How To Buy Hallway Ceiling Lights

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How To Buy Hallway Ceiling Lights

As fixtures that provide illumination, ceiling lights are a common sight in any household or modern building. Whereas standing lights or wall lights might offer a different decorative effect, ceiling lights are some of the earliest forms of lighting, and those in the hallway date particularly far back.

About Hallway Ceiling Lights

The hallway is a very important part of a household, being the first interior impression for guests and visitors. The earliest ceiling lights were in the form of early chandeliers, displaying collections of candles from suspended fixtures. Presenting guests with grandeur alongside function was always the intention of hallway ceiling lights. Beginning with candles, they evolved with technology to become oil wick lanterns, gas lanterns, gas lighting fixtures, and, eventually, to the filament light bulb we know today. Ceiling lights have been present in buildings for over seven hundred years. Hallway ceiling lights often have to fulfil a different function to those in the lounge of the kitchen. The need to present enough light to enter the home without overpowering what is often a short space has led to a plethora of options to choose from. Selecting the right arrangement of components to a ceiling light is paramount to achieving the desired effect.

Choosing A Hallway Ceiling Light

Ceiling lights are often chosen to reflect the current styling of a room. Whilst they can be focal points for the room, choosing the wrong ceiling light can detract from the existing style which has been created. A range of options in type, material, function, and style presents fantastic potential for customisation.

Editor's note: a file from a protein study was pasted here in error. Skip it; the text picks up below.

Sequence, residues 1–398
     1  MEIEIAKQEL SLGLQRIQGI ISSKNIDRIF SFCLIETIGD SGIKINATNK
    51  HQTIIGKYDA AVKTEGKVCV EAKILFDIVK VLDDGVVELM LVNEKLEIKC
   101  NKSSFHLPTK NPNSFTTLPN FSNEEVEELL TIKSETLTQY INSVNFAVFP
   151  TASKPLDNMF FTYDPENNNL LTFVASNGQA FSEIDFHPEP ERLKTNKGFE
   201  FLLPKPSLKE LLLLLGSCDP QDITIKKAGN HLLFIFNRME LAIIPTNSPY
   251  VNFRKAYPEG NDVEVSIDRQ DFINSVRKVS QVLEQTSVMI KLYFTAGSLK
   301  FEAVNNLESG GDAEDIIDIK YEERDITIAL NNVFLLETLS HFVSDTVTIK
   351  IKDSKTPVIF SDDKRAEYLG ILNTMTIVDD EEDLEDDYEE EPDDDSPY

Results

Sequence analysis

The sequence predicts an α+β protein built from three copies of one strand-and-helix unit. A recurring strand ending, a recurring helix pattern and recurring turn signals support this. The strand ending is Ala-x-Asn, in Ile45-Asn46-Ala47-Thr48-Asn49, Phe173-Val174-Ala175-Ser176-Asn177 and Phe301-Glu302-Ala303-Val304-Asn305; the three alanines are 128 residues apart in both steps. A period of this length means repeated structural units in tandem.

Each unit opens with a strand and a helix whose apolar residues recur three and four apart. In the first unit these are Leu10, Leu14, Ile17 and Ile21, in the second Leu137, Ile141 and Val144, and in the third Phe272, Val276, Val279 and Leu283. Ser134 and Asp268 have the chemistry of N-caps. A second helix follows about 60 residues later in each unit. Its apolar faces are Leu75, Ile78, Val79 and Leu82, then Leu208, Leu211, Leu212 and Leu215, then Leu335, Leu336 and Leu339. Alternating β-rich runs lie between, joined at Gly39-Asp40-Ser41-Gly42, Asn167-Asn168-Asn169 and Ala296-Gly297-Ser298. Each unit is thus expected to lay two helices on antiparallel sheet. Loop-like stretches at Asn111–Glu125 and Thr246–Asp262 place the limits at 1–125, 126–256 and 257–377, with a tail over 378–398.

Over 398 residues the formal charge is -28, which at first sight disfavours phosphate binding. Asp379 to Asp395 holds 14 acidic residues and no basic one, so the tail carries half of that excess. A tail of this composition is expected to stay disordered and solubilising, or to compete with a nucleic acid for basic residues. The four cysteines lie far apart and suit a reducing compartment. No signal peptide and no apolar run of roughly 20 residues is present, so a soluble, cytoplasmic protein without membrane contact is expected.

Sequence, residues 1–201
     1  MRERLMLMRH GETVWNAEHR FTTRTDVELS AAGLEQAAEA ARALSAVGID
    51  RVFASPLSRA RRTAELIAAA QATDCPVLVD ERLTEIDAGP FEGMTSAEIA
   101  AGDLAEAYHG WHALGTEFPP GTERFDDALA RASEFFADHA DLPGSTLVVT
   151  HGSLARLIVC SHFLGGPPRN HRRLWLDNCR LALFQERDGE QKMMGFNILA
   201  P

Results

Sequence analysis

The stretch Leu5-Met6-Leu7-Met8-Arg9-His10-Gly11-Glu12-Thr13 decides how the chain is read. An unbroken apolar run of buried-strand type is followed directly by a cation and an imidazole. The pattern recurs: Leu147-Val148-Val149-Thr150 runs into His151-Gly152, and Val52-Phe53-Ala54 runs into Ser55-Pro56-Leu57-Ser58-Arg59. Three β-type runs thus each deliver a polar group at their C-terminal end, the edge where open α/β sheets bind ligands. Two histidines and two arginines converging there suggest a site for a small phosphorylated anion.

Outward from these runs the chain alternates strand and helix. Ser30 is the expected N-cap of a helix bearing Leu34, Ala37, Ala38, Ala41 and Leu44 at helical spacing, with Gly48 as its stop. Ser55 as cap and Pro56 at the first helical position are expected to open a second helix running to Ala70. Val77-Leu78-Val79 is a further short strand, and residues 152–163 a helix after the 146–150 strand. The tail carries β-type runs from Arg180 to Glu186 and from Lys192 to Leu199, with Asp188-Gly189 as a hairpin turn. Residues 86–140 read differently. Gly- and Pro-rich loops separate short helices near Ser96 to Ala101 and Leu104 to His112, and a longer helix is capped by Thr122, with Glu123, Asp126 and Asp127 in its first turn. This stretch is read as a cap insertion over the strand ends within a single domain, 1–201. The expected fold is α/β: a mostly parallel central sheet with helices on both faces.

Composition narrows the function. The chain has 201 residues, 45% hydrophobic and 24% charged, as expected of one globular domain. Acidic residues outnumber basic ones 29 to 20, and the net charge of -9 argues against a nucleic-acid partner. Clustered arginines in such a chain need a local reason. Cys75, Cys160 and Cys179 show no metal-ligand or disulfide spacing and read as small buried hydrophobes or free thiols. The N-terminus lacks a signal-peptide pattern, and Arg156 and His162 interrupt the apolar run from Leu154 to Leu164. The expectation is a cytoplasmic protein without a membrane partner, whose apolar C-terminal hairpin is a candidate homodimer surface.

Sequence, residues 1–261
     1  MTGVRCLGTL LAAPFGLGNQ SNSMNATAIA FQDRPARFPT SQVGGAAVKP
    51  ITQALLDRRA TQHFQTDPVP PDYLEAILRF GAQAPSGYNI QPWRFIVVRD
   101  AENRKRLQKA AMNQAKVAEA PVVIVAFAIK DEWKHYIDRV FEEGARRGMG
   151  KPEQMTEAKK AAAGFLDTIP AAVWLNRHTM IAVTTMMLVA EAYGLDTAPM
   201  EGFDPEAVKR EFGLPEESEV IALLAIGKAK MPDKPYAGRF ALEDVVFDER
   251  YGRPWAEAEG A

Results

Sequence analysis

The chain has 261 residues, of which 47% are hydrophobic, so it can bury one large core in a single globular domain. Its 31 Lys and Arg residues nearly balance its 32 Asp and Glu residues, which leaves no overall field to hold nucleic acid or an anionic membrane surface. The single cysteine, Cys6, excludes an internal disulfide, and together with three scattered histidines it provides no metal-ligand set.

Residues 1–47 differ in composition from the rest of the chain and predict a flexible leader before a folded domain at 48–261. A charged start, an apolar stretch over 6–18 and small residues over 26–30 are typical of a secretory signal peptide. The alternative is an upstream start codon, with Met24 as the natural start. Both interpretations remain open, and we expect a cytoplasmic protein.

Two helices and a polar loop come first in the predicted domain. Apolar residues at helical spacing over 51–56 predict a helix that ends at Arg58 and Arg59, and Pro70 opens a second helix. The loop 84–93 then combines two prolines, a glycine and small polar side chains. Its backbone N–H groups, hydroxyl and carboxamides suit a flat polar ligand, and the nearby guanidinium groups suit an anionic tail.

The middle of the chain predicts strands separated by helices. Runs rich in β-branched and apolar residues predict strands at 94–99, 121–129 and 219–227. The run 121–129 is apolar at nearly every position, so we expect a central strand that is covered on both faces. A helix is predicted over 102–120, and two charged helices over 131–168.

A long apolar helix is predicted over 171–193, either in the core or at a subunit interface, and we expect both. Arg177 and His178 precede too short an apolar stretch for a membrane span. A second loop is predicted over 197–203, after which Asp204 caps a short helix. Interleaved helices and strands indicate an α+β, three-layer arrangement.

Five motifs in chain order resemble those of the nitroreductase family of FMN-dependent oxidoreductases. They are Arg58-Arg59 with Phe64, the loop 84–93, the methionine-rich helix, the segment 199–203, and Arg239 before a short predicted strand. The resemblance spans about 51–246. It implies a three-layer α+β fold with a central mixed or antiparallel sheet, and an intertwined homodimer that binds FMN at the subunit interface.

Type of Hallway

The type of hallway can rule out entire lines of ceiling lights, depending on their size and style.

Entrance Hall

Grand entrance halls like those seen in Victorian manors and stately homes can reach vast sizes. Designed to portray elegance and luxury to any would-be visitors, large entrance halls are the perfect place for the more complex ceiling light fixtures like Regency Chandeliers.

Foyer

Foyers, though smaller, are still rooms within their own right. These types of hallways present a unique challenge when trying to provide enough illumination for guests, but being dim enough to provide the right atmosphere without overpowering the small space.

Porch/Entryway

Porches and entryways are the smallest of hallways, often only a small space in which to remove coats and shoes before proceeding into the house proper. Semi-flush lights are common here.

Corridor

Some buildings don’t have hallways in the sense of an entrance to the building. Houses built during the Industrial Revolution were made much smaller and so a lot of homes today open onto a corridor which leads to the rooms of the house. Corridors are almost always fitted with semi-flush or shallow suspended ceiling lights.

The position of the light also comes into play, depending upon the type of room. Corridors will often have a ceiling light(s) in the most functional places to avoid hazards and guide users, whilst larger hallways will optimise their lighting position for decoration. Large chandeliers are often placed in the most visible area, rather than where they are most needed.

Type of Hallway Ceiling Light

Choosing the correct type of hallway ceiling light can drastically change the ambience of the room, both in lighting levels and personality.

Suspended

Suspended lighting hangs from the electrical lighting fixture and is both the most decorative and largest of all ceiling lights. Chandeliers are always suspended and are common in larger hallways. Suspended lighting can be shallow or low, shallow being closer to the ceiling and space-saving.

Fixed

Fixed ceiling lights are semi-permanently attached to the ceiling, offering greater stability and safety against the potential damage or problems of suspended lighting.

Recessed

Recessed lighting offers the most minimal of all ceiling lights in terms of space. Designed to sit level with the ceiling, they are fitted within holes to impose a clean and simple aesthetic to the room.